Our last post on the Honey Bunny packaging got a lot of attention because it was an example of a trend. This is a preliminary design we proposed for a Prague based company in April last year (2014).
Last year we pitched for a Prague based company and this was our preliminary design proposal. It was seen as a bit too radical at the time and we did not win the pitch. This was unfortunate for us because we felt this was a cutting edge design. However it was more unfortunate for the client who missed out on being first in on a new trend.
The idea behind our design was to demonstrate the naturalness and simplicity of the product by showing the separate, raw ingredients on the package. This also served to simplify the complexity of the listed ingredients on the back of the package printed in text, according to law, that was going to appear cold and scientific no matter what we did.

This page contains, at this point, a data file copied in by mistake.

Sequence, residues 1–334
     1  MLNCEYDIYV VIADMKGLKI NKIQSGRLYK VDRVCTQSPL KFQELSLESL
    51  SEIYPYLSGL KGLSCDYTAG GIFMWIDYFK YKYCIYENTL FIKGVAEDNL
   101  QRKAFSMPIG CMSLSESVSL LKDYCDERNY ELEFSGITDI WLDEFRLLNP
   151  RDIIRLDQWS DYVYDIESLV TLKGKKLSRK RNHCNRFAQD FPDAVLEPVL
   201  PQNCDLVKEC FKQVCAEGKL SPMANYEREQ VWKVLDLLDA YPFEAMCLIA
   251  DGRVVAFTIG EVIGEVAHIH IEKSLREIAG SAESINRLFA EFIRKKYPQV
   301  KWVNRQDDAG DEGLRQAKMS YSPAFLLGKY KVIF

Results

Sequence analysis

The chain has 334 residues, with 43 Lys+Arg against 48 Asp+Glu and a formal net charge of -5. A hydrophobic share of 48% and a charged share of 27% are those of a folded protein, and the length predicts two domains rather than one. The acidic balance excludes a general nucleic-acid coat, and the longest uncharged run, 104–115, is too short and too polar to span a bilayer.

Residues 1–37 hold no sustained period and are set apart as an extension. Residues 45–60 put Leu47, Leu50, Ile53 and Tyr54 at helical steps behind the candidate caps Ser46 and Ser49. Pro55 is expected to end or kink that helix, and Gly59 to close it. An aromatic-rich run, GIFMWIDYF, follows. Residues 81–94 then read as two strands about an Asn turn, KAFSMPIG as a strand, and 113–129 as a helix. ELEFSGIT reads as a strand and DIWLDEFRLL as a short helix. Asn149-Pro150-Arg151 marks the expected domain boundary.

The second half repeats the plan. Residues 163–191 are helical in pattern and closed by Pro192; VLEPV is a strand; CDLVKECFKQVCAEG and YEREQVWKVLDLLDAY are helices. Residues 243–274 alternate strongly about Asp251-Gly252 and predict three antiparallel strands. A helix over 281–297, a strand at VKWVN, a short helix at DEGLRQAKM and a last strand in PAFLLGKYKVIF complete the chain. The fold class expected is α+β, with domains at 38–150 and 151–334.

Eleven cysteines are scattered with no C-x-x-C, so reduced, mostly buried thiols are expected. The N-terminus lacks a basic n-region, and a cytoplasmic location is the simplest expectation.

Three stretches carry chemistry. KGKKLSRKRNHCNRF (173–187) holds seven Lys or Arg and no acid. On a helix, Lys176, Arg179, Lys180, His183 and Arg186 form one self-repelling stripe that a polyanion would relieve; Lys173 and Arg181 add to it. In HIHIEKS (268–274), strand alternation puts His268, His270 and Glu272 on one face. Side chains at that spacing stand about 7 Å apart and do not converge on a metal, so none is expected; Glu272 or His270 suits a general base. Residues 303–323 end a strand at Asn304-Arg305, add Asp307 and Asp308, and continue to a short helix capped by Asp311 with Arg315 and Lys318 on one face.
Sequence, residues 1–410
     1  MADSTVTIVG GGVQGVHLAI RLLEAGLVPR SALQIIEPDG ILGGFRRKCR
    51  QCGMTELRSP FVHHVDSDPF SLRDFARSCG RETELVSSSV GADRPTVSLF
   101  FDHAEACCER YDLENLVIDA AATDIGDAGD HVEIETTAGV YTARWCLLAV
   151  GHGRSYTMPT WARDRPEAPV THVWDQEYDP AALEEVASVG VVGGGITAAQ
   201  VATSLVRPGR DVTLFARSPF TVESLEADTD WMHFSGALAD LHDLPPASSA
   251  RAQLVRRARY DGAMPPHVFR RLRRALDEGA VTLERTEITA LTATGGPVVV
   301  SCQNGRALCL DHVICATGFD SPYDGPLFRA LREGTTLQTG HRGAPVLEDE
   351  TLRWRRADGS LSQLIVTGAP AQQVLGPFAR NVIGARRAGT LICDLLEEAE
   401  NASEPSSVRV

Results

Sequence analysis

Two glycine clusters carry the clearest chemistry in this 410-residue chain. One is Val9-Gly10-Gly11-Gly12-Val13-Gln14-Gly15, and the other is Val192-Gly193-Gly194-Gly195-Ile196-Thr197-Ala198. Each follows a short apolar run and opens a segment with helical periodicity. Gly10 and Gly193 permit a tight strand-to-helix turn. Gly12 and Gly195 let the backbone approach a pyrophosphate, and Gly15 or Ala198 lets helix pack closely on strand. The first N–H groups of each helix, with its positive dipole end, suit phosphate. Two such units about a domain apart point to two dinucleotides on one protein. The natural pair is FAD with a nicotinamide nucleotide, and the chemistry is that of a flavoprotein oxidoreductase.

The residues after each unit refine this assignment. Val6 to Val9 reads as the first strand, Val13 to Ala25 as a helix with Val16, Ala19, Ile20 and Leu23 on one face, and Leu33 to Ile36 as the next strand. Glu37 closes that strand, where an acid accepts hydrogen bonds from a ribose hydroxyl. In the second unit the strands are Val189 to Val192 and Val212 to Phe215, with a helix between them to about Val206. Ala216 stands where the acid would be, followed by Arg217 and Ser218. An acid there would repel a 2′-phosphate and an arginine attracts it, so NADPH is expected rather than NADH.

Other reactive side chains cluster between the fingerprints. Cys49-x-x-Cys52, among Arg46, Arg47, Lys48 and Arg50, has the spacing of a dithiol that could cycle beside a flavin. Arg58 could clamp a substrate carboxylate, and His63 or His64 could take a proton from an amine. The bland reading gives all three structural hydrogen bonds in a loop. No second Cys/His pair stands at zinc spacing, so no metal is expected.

This was our way of simplifying complexity and being more transparent about the ingredients (even the salt and fat are shown). In a way it was an infographic of the food's contents. We count it as a win for us because it demonstrated that our thinking was out in front, at least in our part of Europe, and shows that our claims of being a leader in our field are valid.
A final thought: By showing the ingredients on the package, and not the final cooked product, this design is not limiting itself to a certain occasion, style, class of food, or even time of day. Its purpose is more versatile and therefore more agile. And therefore more viable and far reaching as a brand-relationship as it is not limited to a certain target market. In essence, it lets the consumer decide the time, place and purpose, and therefore is customer centric.